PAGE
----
3 AP style rules worth remembering

The style handbook virtually every journalist uses on a daily basis is also an invaluable resource for PR pros.

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Consistency in messaging is crucial in establishing a brand identity for your company. It’s not just in the words you use, either. The grammar and punctuation of your messages also has an impact.

The AP Stylebook is the holy grail of grammar and punctuation rules for journalists and media professionals, including PR pros. You’ll find a copy of the guide on everyone’s desk in our office, but it’s still common to hear someone call out, “What’s AP style for…” while in the middle of writing.

Here are a few of our most commonly used AP style rules:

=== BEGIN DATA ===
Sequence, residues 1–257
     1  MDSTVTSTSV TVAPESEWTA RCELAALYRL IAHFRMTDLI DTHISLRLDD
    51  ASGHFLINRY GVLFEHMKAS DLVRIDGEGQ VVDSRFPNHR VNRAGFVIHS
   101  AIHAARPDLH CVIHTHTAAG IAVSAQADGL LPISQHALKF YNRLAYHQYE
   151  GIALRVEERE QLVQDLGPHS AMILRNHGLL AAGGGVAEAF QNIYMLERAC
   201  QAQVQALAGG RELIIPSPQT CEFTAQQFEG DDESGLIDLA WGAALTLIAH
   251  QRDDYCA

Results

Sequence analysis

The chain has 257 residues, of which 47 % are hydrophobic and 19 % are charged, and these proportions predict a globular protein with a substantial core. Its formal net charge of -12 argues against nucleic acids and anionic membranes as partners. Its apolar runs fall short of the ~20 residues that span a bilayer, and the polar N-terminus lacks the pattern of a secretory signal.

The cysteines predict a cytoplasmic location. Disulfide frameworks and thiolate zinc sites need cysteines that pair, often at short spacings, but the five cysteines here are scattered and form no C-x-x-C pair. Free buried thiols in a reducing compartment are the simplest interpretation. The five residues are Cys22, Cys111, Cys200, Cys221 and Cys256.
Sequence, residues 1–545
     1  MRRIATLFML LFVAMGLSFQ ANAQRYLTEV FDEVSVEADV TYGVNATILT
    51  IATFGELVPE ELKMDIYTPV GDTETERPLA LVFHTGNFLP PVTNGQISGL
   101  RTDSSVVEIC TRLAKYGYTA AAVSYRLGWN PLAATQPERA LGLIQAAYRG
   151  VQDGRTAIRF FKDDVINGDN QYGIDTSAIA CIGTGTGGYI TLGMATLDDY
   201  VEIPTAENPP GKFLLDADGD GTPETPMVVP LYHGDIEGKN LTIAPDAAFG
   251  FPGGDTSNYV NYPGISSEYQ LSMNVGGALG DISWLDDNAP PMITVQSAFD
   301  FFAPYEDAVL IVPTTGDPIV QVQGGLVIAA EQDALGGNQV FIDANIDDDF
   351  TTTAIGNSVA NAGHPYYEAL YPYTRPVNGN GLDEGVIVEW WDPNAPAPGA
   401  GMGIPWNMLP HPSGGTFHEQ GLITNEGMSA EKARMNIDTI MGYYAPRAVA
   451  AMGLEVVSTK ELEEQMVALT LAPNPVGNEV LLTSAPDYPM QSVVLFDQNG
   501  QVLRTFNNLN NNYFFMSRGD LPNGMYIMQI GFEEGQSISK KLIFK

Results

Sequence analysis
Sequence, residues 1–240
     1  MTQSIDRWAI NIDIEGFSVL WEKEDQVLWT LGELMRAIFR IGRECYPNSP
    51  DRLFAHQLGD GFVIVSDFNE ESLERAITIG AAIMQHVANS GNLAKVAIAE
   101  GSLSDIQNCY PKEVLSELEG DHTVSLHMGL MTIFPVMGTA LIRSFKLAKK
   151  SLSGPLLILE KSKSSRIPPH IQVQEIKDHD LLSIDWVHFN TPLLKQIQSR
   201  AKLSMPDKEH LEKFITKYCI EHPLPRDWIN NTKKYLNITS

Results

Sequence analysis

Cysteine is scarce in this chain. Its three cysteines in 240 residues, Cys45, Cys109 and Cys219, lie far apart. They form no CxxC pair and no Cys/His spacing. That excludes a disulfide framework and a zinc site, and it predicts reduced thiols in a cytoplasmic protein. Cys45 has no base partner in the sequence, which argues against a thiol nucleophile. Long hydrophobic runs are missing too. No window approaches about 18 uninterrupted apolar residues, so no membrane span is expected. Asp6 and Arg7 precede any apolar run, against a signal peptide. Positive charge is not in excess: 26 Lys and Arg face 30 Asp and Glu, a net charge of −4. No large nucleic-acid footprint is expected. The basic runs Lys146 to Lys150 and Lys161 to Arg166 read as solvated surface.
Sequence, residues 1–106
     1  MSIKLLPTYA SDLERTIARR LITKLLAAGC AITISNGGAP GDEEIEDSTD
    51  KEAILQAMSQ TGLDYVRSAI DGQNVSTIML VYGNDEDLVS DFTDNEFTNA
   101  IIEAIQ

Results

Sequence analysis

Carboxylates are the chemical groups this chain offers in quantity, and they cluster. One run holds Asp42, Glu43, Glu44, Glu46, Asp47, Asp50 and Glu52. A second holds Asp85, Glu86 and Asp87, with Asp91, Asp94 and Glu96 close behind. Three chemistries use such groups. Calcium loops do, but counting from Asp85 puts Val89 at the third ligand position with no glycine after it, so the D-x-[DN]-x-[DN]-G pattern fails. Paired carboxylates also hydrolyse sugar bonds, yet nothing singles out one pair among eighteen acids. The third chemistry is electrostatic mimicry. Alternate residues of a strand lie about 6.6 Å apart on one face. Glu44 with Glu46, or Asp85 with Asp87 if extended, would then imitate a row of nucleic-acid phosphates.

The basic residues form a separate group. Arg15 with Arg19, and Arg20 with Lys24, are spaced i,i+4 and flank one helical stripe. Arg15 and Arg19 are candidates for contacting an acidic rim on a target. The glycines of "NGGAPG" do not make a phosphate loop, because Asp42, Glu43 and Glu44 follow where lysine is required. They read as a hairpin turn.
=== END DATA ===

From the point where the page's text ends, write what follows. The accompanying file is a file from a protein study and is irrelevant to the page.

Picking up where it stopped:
Combining sentences

This rule feels like it goes against everything you learned in elementary school. If you’re combining two complete sentences, then always use a comma and a conjunction to combine the two sentences. If one of the sentences is not a complete thought, or if the two verbs share the same subject, don’t use a comma to combine the sentences.

Both of these sentences are correct:

Our team loves AP style, but sometimes we forget the little nuances.

Our team loves AP style and uses it every day.

To hyphenate or not

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